Any crime that generates money can lead to money laundering, but one of the biggies – and one of the most worrying for governments, with its reputational implications – is corruption. We tend of think of high-level, regime-toppling corruption (naming no names, but come on – we’re spoilt for choice these days) but in terms of social harm, the best definition is the simplest: the abuse of public power for private gain. This catches all magnitudes of corruption, from the politician who uses his power to line his own pockets to the traffic cop who pulls over motorists and issues on-the-spot fines for non-existent infringements – all are damaging to the fair operation of our economies and our communities. And to help MLROs keep track of which jurisdictions are most tainted with corruption, and which are doing the most to combat it, we have the annual Corruption Perceptions Index published by Transparency International.
This year’s edition appeared on 29 January 2019; it “draws on 13 surveys and expert assessments to measure public sector corruption in 180 countries and territories, giving each a score from zero (highly corrupt) to 100 (very clean)”. There is little change at the top (Denmark triumphs with 88 out of 100, while New Zealand, Finland, Singapore, Sweden and Switzerland follow close behind) or indeed at the bottom (Somalia, Syria, South Sudan, Yemen and North Korea all score less than 15 out of 100).
There is plenty of analysis to be done on the CPI – on TI’s own website, they offer several specific insights, including “Western Europe and EU: stagnating anti-corruption efforts and weakening democratic institutions”, “Americas: weakening democracy and rise in populism hinder anti-corruption efforts” and “Trouble at the top: why high-scoring countries aren’t corruption-free”. Of course I am particularly interested in my own jurisdiction – the UK. And we’re not doing as well as we might – which is surprising, when you consider how we are handling all other political issues with such panache. (If Brexit happens, will words like panache and élan be outlawed?)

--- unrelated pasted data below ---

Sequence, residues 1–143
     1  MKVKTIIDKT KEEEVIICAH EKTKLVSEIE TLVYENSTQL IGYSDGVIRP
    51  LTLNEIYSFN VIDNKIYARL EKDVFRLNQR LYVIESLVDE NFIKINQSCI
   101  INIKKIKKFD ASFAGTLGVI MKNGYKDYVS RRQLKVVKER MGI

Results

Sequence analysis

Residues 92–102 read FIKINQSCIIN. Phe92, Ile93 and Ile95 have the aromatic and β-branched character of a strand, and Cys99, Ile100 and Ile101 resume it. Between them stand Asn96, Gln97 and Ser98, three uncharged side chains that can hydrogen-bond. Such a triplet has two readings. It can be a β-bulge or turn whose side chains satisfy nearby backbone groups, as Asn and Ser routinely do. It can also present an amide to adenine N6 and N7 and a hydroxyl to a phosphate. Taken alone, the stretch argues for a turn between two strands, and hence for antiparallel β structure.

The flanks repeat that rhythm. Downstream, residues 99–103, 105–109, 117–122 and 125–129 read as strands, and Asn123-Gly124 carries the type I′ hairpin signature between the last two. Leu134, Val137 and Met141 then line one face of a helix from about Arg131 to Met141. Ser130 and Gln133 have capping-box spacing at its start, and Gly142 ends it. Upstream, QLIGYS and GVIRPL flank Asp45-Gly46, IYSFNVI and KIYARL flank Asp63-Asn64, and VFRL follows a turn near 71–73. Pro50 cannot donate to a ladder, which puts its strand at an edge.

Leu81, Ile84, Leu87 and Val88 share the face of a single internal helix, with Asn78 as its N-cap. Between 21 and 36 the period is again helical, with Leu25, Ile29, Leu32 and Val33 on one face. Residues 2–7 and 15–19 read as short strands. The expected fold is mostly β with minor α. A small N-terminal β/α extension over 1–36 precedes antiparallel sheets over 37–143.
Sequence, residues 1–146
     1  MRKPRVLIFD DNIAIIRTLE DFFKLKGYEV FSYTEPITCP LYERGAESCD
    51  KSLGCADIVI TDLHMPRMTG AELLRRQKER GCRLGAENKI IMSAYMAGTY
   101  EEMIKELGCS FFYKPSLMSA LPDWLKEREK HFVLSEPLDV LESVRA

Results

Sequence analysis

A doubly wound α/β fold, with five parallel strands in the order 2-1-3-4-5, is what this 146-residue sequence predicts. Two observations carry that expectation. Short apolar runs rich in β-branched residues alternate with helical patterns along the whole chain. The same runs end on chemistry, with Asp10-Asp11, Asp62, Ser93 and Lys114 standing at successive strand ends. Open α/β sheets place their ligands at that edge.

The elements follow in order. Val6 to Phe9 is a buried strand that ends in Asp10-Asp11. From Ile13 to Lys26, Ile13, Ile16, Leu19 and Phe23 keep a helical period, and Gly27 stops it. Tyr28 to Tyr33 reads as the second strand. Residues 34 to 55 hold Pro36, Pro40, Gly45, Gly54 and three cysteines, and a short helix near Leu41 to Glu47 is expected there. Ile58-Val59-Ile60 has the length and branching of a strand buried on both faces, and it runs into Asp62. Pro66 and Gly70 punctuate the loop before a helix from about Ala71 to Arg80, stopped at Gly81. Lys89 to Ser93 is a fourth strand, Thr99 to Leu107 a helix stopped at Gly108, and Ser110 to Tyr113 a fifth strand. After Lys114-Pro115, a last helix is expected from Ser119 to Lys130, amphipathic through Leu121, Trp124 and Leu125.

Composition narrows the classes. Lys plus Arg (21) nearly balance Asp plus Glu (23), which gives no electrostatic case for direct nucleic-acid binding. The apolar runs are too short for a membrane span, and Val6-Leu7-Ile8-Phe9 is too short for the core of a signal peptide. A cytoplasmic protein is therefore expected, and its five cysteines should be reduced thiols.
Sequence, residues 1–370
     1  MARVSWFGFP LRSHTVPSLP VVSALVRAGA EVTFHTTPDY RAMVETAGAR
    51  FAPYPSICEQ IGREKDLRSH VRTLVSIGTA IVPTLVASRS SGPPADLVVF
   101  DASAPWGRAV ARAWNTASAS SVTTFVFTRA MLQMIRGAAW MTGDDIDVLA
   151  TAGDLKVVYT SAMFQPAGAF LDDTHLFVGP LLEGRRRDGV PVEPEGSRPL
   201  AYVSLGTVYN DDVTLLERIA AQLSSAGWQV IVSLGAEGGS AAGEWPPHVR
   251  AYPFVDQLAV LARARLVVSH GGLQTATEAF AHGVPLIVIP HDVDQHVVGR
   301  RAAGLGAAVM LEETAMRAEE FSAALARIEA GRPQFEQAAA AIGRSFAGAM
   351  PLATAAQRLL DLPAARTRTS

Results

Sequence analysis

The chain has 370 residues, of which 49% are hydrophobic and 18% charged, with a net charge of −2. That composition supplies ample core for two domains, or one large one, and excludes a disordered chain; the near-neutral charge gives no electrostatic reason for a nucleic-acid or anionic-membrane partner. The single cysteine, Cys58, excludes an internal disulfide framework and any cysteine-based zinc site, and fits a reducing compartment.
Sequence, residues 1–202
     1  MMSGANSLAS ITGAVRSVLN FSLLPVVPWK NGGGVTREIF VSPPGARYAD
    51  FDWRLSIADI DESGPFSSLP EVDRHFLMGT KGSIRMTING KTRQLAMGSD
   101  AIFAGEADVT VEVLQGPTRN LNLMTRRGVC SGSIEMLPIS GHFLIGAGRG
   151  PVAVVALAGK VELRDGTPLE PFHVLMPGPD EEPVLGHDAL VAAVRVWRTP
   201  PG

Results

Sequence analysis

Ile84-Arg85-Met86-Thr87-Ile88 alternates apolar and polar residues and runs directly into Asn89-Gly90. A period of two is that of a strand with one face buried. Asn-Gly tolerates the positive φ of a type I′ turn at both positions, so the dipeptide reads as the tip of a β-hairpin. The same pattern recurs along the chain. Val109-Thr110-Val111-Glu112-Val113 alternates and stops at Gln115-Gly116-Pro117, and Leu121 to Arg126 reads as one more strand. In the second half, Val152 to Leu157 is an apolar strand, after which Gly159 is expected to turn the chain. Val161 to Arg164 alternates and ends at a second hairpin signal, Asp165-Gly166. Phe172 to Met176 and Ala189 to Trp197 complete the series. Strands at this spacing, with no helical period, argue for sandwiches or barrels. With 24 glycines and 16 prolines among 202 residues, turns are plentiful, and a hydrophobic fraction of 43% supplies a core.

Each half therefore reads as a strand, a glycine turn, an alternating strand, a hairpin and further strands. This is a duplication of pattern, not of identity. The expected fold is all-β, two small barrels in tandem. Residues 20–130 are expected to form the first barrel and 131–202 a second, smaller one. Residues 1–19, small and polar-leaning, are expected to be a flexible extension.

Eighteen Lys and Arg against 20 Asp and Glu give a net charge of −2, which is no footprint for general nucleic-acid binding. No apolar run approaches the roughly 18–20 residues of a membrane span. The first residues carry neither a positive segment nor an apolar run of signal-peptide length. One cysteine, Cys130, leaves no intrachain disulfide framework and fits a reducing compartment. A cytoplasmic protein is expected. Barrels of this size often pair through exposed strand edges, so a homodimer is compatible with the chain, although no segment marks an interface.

Looking at the bald figures, in 2015 and 2016 the UK scored 81 out of 100, and in 2017 we bumped that up to 82. But in 2018 we went down to 80 – and thereby dropped out of the top ten in the ranking. So what has gone wrong? According to TI analysis: “Over the past year, the UK experienced a few public sector scandals involving Members of Parliament who were found guilty of taking undeclared holidays paid for by foreign states. In addition, questions over the origin of money used in the EU referendum combined with concerns over the future of Brexit make future movement of the UK on the CPI unclear.” We’re also mixing with some fairly unsavoury company, as Robert Barrington of the UK chapter of TI points out: “We also note the huge fall in rankings of Azerbaijan [from 31 out of 100 in 2017 to 25 out of 100 in 2018] whose President was in the UK just last year meeting with the British Prime Minister and whose ruling family owns a number of UK-based assets. Although hosting corrupt kleptocrats in London does not affect the score on this index of public sector corruption, the UK government should be aware of the detrimental impact it has on the UK’s international standing.” With all of that going on, I think we can count ourselves lucky to have stayed as high as we have in the index – I will hardly be able to look at the 2019 edition.
I think you’ll be fine with “panache”, since the OED dates it to the mid-sixteenth century, when we still held Calais. However should there be an interruption in the supply of French words post-Brexit, I see an opportunity for the Channel Islands to offer substitutes from Jèrriais and Guernésiais.
Terrific – we may come calling for vocabulary and more! We’re going to need all the friends we can get…